Royal Manas, Bhutan
Royal Manas National Park
Royal Manas National Park, Bhutan
Height: TBD | Length: TBD | Built: TBD | Engineering firm: TBD
The RMNP was established in 1966 by the Wangchuk Royal Family to preserve the sacred Himalayan Mountains and avoid the desecration climbers had wreaked on Mt. Everest in neighboring Nepal. The protected area is blessed with a tropical as well as subtropical ecosystem that favors the growth of a plethora of flora and fauna, and is flanked by the Assam Park to the South in India, and the Jigme Singye Wangchuk National Park to the North.
The 5-year Park Preservation Plan seeks to protect and study the rare and endangered list of fauna in the Park, ranging from the Golden Langur to the Rufuos-Necked Hornbill, along with over 900 plant species. The Nature
Conservation Division of Bhutan and the World Wildlife Fund have collaborated to sustain the biological balance of the Park while developing its infrastructure, conducting various surveys on local socio-economic levels and training local Park officials.
- Conserve a critical global hotspot for tigers, elephants and other charismatic megafauna.
- Partner with a government and predominant culture/religion (Buddhism) that both revere nature and embrace sustainable ecotourism, setting an example for future walkways in underdeveloped countries.
- Create opportunities for scientists to do research in an unexplored canopy with enormous biodiversity.
Bhutan: a Biodiversity "Hot Spot"
The Park has an area of 408 square miles and is known for its rare and endangered endemic wildlife such as the Assam roofed turtle, hispid hare, golden langur, and pygmy hog. Manas is also famous for its population of wild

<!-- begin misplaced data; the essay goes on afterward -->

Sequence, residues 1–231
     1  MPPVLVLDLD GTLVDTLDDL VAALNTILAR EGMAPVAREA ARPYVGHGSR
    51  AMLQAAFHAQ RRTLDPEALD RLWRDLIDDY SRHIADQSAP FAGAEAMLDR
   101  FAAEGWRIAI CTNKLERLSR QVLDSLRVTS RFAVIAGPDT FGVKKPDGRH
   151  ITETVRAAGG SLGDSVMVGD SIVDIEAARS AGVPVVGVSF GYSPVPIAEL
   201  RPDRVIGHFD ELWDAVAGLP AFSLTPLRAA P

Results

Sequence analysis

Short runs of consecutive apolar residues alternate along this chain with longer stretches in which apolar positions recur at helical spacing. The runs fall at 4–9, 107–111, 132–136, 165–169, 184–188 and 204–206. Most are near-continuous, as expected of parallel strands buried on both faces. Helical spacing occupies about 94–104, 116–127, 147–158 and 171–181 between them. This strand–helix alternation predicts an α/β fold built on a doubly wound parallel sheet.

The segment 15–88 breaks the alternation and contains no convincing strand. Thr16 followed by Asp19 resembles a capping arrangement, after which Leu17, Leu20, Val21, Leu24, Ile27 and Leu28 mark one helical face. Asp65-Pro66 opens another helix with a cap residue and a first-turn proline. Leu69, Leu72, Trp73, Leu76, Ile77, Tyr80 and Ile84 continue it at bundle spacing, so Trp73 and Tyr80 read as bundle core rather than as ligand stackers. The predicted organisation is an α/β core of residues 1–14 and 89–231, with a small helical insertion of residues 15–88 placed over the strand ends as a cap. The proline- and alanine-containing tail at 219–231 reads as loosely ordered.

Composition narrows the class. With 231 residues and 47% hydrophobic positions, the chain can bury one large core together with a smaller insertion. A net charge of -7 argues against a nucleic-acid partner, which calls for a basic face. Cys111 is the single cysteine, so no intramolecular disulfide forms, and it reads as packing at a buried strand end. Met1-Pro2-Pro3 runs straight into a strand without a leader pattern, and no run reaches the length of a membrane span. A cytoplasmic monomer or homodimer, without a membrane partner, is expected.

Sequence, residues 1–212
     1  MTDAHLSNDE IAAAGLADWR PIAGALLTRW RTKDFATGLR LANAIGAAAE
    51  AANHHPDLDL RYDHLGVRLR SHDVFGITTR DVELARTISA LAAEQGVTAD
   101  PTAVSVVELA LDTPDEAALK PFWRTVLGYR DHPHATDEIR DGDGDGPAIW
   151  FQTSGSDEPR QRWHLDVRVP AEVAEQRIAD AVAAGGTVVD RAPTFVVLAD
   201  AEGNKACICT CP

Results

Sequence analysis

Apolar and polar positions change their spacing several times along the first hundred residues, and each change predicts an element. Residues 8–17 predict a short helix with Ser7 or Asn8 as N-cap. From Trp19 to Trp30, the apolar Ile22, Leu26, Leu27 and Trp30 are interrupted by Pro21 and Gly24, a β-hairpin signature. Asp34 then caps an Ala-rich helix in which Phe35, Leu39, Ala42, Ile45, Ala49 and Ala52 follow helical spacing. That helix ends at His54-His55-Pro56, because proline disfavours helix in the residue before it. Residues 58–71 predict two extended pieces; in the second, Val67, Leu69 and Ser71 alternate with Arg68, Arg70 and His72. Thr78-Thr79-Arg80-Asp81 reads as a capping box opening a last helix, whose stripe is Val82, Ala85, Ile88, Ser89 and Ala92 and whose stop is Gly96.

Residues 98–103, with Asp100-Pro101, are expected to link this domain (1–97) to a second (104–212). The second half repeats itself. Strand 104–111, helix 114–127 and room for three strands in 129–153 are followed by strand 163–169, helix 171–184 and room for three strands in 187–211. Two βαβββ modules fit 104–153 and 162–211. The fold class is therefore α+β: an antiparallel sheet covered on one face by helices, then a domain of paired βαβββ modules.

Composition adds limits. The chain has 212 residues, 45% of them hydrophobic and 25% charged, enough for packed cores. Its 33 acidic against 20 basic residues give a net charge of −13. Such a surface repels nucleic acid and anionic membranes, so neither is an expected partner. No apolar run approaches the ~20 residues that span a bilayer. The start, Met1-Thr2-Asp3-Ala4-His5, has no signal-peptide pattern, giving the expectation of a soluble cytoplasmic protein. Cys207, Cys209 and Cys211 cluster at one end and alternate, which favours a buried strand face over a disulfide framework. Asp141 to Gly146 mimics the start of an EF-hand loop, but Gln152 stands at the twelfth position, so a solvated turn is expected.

water buffalo. The 5,000 known species of plants include 46 rhododendrons and 600 orchids. Bhutan also has many hot-water springs, which have medicinal properties to cure diseases. In Bhutan, 70% of the land is covered by forest representing the three principal zones: tropical, temperate, and alpine. Bhutan is also one of the few biodiversity hot spots in the world where forest coverage has actually increased – now comprising above 72% of the country’s total area.
What is a "Hot Spot"?
A “Hot Spot” is a forest habitat of high biodiversity and critical environmental importance. Unfortunately, many of these ecosystems are threatened by habitat destruction, climate change, and other factors. MISSION GREEN believes that these areas could significantly benefit from a canopy walkway conservation program.
MISSION GREEN Global "Hot Spots"
Canopy Walkways and Walkway Prospect Locations